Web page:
Skip to main content
Premium Trial:

Request an Annual Quote

NIAID to Fund Research into Vector-Host Interactions

NEW YORK (GenomeWeb) – The National Institute of Allergy and Infectious Diseases plans to fund research focused on better understanding the biology and immunology of natural viral infections and HIV vaccine vectors, including studies that will use a wide range of omics approaches.

NIAID said in a funding announcement on Friday it will support R01 research project grants for five years, and it will fund R21 exploratory or development projects with up to $275,000 over two years to pursue these studies.

The overarching goal will be to gain a clearer understanding of vector-host interactions that could help reduce the adverse events that these interactions can cause, including the increased susceptibility some people have to HIV infection after vaccination.

The vaccine and gene therapy fields have used an increasing array of vectors for delivering vaccines and targeted genes, but little is known about how these vectors interact with hosts, or how they impact hosts' immune responses. Recently, a number of unexpected findings in both the gene therapy and vaccine fields have shown that there is a need for more knowledge about these interactions, NIAID said.

For example, two vaccine efficacy trials were halted after either failing or increasing the rate of HIV infection in some patients, a clinical trial of an adeno-associated viral vector for hemophilia B was stopped when several study participants developed transient hepatitis, and poxvirus vectors used in vaccine development have been linked to myocarditis in clinical studies. There may be a range of causes behind these reactions, and there are several hypotheses, NIAID said.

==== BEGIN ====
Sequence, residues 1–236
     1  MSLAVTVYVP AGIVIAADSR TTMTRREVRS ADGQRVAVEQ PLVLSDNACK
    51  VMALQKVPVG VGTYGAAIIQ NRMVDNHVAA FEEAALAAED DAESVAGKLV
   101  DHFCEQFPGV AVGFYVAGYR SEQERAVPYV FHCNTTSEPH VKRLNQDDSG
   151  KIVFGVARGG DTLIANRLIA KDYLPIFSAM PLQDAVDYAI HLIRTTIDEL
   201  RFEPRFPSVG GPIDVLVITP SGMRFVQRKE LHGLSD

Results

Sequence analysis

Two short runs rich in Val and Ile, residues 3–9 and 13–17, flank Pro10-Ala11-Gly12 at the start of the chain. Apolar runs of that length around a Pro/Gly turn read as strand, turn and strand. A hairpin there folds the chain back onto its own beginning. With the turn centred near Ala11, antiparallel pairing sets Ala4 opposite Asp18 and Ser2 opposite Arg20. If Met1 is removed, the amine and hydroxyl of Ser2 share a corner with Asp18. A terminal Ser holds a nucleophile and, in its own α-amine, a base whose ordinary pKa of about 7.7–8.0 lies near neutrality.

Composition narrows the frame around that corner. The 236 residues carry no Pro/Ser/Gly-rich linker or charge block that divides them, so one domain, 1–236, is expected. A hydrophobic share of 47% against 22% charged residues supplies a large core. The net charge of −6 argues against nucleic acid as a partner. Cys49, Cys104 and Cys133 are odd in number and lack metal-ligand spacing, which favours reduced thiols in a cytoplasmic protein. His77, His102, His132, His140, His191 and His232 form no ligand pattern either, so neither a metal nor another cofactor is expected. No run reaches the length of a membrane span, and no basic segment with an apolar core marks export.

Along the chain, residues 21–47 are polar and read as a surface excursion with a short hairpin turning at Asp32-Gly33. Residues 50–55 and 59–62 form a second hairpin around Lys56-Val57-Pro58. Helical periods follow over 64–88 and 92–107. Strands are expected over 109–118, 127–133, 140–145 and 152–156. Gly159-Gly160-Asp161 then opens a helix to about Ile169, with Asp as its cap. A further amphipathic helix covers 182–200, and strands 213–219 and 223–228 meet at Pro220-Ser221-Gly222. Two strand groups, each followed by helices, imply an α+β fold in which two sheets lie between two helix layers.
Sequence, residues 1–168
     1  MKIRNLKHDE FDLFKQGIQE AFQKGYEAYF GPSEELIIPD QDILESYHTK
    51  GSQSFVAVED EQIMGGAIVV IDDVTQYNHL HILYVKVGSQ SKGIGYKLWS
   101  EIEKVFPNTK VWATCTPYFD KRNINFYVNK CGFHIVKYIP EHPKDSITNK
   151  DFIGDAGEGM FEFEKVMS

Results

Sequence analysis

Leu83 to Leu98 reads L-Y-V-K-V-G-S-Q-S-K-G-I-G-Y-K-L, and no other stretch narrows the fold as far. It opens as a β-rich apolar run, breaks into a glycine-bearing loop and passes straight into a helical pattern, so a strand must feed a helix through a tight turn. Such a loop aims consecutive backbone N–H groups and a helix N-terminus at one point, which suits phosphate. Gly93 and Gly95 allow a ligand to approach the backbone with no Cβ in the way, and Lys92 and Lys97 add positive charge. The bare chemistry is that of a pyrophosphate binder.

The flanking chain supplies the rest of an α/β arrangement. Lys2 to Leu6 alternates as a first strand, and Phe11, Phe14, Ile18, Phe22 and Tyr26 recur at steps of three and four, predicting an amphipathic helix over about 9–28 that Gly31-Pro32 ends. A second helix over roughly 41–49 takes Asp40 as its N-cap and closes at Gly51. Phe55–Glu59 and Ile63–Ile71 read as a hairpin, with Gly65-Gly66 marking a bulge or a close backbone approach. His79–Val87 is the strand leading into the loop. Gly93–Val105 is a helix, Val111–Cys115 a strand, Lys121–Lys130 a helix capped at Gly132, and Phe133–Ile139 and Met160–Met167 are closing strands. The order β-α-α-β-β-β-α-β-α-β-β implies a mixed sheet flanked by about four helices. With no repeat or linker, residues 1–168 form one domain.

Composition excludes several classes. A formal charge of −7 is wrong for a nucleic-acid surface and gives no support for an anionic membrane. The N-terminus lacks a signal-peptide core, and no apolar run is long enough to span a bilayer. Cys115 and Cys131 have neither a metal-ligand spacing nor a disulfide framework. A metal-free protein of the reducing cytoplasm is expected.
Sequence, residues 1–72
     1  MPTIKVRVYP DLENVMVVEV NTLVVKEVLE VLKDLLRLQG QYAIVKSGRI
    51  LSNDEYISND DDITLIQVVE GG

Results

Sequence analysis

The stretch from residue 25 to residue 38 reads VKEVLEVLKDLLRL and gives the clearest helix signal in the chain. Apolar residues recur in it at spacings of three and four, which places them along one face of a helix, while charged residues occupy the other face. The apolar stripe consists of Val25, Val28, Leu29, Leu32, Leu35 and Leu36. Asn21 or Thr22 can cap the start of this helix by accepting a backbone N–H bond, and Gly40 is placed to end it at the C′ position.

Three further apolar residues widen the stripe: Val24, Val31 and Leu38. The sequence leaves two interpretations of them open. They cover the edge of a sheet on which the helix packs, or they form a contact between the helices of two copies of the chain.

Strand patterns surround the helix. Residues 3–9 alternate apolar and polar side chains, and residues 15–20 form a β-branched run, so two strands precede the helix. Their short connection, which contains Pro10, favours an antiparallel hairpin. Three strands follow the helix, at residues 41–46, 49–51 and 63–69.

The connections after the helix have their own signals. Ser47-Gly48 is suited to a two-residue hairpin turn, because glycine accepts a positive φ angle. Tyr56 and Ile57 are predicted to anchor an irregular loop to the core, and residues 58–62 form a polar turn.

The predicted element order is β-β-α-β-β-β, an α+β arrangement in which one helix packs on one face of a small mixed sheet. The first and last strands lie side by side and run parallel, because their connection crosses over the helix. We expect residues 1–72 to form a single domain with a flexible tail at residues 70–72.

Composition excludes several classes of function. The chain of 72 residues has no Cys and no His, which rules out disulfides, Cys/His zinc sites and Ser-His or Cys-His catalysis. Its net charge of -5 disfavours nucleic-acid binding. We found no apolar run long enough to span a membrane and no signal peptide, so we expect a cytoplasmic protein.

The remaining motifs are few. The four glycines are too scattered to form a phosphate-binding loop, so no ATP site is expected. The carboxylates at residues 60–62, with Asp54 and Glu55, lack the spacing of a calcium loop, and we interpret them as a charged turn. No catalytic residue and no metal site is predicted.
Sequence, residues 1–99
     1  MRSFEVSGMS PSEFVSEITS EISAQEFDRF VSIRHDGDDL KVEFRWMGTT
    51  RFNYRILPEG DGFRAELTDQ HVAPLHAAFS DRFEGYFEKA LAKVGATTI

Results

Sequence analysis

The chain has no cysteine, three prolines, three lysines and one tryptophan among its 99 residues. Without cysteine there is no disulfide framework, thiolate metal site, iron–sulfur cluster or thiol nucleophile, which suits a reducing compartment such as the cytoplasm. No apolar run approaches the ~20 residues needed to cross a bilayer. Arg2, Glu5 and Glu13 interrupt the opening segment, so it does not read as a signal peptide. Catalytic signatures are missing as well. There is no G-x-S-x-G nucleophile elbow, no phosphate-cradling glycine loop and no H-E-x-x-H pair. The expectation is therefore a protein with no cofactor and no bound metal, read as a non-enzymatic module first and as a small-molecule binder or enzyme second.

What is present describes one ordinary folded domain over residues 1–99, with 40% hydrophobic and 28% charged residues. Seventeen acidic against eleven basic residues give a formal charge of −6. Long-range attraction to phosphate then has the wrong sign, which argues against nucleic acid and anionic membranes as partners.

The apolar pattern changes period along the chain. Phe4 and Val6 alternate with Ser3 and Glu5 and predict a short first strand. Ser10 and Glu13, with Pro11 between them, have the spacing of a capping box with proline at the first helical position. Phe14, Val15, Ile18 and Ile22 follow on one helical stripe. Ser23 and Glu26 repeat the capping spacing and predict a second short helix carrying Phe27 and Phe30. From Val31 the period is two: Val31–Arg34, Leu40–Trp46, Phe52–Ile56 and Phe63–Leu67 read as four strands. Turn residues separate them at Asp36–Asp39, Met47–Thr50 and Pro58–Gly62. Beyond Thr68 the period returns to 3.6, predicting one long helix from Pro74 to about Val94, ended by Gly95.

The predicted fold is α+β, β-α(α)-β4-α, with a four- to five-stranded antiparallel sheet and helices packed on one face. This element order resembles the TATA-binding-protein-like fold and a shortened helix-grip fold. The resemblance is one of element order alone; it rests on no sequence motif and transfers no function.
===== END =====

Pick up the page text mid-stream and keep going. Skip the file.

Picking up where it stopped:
"These unanticipated results illustrate the need for understanding of the basic biology and immunology of vector-host relationships and for appropriate animal models to study rare and unanticipated events," it added.

Researchers may propose using a wide range of systems biology and other approaches, including genomics, epigenomics, transcriptomics, proteomics, and other methods, to investigate the pathogenesis and immune responses to natural viral infections in humans and in nonhuman primates.

NIAID also wants this research to develop better safety models, including animal models, for assessing effects that are related to vaccines, such as increased HIV infection rates due to immune activated vector-specific HIV T-cells. These models would be used to quantitatively assess the potential for increased HIV acquisition following vaccination, enabling researchers to conduct better preclinical assessments of vaccine candidates.